If we tried to trace introspection back to the earliest documentation of man looking within himself, we might have to go beyond language, verbalization, perhaps even consciousness. When, where, how, and why did we learn to turn our attention inward and contemplate our existence in life? For what purpose did the evaluation of ego, identity, and self, serve? Regularly practicing introspection is highly recommended for a man on a mission to change his life. Philosophers, authors, poets, leaders, innovators, workers, and other men alike testify to the necessity of spending time in introspection. By doing so, a man learns about himself, his heart, his mind, and his movement through the world. Introspection is quiet time spent alone with the self, consciously examining the consciousness, contemplating one’s own thoughts, and looking for answers within, rather than outside of the self. Introspection can be useful, instructive, and constructive- until it is not. We can spend the rest of our lives looking inward and do nothing more. Our time in introspection should inspire our progress.
“Your visions will become clear only when you can look into your own heart,” Carl Jung once said, “Who looks outside, dreams; who looks inside, awakes.” Internal awakening is part of the spiritual journey of recovery that men are challenged to face when they make the decision to get clean and sober. Daily, weekly, and month introspection keeps the spiritual revolution fresh and alive. Intermittent introspection is recommended because, as science-fiction author Philip K. Dick said, “The problem with introspection is that it has no end.”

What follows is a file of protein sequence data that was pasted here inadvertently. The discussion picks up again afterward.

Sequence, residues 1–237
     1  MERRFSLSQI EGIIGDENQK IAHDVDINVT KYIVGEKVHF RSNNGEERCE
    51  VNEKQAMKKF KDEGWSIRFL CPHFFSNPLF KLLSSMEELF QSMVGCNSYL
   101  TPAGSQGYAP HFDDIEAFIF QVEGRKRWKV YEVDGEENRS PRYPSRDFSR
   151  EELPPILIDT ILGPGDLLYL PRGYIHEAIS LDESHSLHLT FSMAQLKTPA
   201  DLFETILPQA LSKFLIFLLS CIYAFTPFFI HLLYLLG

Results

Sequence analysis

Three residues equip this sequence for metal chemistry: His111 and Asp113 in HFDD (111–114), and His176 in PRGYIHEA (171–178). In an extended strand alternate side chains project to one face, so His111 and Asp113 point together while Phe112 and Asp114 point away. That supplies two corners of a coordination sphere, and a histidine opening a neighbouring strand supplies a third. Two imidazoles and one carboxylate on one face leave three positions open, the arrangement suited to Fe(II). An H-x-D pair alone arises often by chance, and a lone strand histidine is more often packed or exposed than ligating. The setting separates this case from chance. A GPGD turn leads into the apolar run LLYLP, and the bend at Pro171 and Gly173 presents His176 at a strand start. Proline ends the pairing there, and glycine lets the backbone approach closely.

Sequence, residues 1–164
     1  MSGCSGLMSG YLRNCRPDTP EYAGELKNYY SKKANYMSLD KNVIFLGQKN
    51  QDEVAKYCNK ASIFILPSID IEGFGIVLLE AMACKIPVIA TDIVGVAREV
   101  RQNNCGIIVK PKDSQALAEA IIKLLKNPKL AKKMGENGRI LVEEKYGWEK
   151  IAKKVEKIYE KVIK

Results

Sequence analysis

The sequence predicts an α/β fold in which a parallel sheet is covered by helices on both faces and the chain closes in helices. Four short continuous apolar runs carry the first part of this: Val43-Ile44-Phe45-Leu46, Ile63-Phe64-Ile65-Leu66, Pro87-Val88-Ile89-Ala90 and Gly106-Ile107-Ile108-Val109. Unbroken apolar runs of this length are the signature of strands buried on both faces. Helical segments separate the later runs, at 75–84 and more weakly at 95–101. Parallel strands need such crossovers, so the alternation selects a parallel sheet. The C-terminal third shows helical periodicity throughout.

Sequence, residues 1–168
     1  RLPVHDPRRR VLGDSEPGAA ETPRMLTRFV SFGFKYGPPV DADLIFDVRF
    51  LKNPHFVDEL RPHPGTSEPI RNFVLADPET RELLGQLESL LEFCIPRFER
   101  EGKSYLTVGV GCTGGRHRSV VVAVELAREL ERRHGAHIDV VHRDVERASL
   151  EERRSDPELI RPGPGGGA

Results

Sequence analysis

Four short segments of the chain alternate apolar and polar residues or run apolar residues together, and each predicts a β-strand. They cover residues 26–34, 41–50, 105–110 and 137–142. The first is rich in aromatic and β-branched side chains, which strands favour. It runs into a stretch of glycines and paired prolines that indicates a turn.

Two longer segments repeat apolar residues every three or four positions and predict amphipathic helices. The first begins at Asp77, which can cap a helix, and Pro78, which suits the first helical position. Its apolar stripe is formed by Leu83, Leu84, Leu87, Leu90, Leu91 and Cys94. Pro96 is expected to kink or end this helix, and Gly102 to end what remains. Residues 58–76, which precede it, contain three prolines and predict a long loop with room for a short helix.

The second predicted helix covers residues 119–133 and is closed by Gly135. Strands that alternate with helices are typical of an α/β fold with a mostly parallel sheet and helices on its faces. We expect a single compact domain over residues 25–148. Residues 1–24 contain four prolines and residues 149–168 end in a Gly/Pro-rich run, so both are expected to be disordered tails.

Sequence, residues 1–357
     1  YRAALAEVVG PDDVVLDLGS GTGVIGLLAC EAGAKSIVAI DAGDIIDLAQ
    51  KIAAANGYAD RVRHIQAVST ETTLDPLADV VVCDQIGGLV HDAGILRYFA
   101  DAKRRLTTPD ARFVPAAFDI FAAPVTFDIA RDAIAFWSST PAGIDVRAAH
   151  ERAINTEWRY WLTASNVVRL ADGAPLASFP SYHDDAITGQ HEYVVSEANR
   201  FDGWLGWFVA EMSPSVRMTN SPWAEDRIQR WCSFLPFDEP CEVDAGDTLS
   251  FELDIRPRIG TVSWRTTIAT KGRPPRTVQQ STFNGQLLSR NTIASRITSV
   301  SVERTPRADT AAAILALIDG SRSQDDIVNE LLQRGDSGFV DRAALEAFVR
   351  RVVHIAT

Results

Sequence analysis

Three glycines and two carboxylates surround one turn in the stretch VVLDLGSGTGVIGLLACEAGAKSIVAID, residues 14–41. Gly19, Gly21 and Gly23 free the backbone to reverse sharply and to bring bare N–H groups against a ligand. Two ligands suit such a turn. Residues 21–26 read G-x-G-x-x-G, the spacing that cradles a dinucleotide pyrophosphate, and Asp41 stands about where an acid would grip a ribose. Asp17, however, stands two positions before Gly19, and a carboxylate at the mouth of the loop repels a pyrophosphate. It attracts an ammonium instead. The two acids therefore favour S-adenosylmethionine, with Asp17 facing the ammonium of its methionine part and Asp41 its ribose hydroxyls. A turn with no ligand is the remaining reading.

To what end do we take our reflection and self-evaluation? Introspection should take us in the direction of our dreams and the possibilities of our potential. The Beatles famous song “Dear Prudence” has the legend of being written about the sister of a famous actress both of whom had joined the international super stars on a spiritual trip to India. Prudence had found herself lost in meditation, trapping herself in the bathroom and not wanting to leave the sanctity of internal space. John Lennon and friends created the song to coax her out, to “come out and play” and “look around”.
We live between two worlds, our internal world and our external world. Drug and alcohol addiction created a blurry continuum between the two, trapping us in one, then the other, without a compass of difference. Working toward a sustainable sobriety teaches us how to balance time between both, creating a cohesive harmony and using each to propel the other.
Tree House Recovery is a men’s treatment program in Portland, Oregon, offering men the journey of finding freedom from addiction. Creating a sustainable recovery through sustainable change, our programs help men revolutionize their life through total transformation of mind, body, and spirit. Call us today for information: (855) 969-5181